The Art of Roy De Forest

This past Thursday I attended the preview opening for the Roy De Forest retrospective at the Oakland Museum.  A professor from Carnegie Mellon, Bob Bingham worked for Roy a few decades (!!) ago.  Thanks to Bob, I was able to see this opening and gain perspective on art that I am so clearly influenced by.

Roy’s work was SO inspiring, colorful, and fun.  As an artist in this time, where art is so free and open to be whatever you want it to be, it’s sometimes not so obvious how other artists broke barriers, which opens up doors for future artists.  I think of this in a similar way to feminism – women of the past fought hard and demanded rights that we often overlook – voting, owning credit cards and homes, pursing a professional career, having a family as a choice rather than an expectation, etc.  Our actions are bigger than just ourselves.  Roy’s work – though personal and intuitive – has many characteristics that I use in my work, and that I see in other contemporary artist’s work: bold lines, immediacy, over saturation of colors, and as Bob said, “maximalism.”  Every inch of his big canvas paintings were full of layers of paint.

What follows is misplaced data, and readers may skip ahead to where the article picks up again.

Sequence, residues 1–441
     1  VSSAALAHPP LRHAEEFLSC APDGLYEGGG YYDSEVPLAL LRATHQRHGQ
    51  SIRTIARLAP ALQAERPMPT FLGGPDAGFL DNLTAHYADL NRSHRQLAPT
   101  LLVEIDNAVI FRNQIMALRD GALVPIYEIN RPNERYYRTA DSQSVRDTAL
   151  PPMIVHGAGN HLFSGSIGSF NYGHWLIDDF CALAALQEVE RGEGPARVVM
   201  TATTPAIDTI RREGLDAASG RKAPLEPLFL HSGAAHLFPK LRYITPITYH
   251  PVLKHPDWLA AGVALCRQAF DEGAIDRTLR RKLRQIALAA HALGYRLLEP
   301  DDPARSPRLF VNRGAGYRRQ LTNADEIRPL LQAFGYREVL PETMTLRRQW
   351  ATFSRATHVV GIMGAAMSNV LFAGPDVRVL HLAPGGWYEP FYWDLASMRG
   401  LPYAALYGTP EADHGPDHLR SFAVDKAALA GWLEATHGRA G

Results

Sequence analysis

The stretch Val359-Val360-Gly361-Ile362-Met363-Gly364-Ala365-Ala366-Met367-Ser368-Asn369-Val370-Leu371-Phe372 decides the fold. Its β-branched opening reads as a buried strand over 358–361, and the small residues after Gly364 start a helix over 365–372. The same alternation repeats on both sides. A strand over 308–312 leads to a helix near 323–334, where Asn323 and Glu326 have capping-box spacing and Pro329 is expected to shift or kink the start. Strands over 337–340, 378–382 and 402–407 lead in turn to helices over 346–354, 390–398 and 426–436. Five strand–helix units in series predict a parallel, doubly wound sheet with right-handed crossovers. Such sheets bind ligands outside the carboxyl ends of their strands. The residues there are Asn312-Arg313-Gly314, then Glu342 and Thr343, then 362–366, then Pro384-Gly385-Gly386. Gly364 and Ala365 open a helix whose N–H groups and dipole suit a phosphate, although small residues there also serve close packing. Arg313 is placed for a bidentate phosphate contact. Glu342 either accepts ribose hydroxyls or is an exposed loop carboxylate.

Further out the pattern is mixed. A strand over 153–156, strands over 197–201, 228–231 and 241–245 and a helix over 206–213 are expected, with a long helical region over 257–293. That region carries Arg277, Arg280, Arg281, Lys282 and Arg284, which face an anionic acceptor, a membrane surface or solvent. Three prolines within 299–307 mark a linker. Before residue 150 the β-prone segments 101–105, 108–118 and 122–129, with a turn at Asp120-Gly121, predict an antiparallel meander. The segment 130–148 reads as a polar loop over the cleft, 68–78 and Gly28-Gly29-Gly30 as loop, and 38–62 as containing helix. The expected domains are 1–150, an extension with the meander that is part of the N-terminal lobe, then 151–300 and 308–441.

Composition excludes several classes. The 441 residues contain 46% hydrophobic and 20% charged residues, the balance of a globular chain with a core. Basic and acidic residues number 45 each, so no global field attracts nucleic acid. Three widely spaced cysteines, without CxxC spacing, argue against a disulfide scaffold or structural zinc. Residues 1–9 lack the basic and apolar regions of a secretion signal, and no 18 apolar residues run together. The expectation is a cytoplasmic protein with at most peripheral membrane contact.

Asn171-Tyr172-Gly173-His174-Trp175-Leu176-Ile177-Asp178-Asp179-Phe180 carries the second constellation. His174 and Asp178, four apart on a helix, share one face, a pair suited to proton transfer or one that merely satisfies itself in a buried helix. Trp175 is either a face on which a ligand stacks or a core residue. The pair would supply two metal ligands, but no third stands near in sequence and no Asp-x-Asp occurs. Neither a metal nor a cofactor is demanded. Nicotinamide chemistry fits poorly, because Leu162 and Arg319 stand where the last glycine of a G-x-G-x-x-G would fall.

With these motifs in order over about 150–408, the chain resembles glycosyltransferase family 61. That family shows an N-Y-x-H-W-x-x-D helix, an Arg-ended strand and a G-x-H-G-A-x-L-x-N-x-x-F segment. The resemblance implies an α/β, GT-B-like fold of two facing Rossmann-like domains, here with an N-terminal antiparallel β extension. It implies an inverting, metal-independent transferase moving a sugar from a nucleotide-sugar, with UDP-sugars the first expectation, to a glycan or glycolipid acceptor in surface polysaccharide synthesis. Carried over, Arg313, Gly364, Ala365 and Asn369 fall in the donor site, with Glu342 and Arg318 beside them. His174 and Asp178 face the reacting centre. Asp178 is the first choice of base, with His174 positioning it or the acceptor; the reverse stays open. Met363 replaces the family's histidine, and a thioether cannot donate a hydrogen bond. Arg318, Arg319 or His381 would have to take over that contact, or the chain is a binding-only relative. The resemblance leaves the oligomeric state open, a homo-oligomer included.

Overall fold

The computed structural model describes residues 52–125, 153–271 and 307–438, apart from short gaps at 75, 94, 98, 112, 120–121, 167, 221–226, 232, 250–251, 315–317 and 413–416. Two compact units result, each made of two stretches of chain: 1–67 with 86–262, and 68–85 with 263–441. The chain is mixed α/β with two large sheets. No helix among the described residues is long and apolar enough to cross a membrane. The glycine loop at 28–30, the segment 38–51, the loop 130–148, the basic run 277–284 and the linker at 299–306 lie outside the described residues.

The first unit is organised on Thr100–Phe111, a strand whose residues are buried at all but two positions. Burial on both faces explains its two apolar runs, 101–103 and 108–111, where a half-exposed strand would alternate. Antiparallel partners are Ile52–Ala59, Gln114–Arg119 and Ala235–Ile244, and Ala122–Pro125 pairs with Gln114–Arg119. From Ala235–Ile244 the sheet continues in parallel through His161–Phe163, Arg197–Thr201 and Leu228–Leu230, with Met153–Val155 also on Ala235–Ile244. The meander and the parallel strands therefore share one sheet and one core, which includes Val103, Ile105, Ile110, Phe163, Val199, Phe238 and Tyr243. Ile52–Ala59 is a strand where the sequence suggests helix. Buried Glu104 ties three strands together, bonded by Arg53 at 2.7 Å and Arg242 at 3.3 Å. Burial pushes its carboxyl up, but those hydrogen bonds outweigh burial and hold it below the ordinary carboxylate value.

Bob told me that Roy would paint for 7 hours a day.  He would make around six (large, overly detailed, intricate, full of love and expression) paintings a year and averaged a drawing a day.  Art is work!  I appreciate and admire Roy’s work.  See photos below.

Bob also said that Roy didn’t talk much, but he did talk to his dogs.  I often think paintings of pets are kind of cheesy, but as a unique artist, Roy was able to do it well.  So much magic in these otherworldly pieces.

 

The art of roy de forest at the oakland museum. The art of roy de forest at the oakland museum. The art of roy de forest at the oakland museum.

 

The art of roy de forest at the oakland museum. The art of roy de forest at the oakland museum. The art of roy de forest at the oakland museum.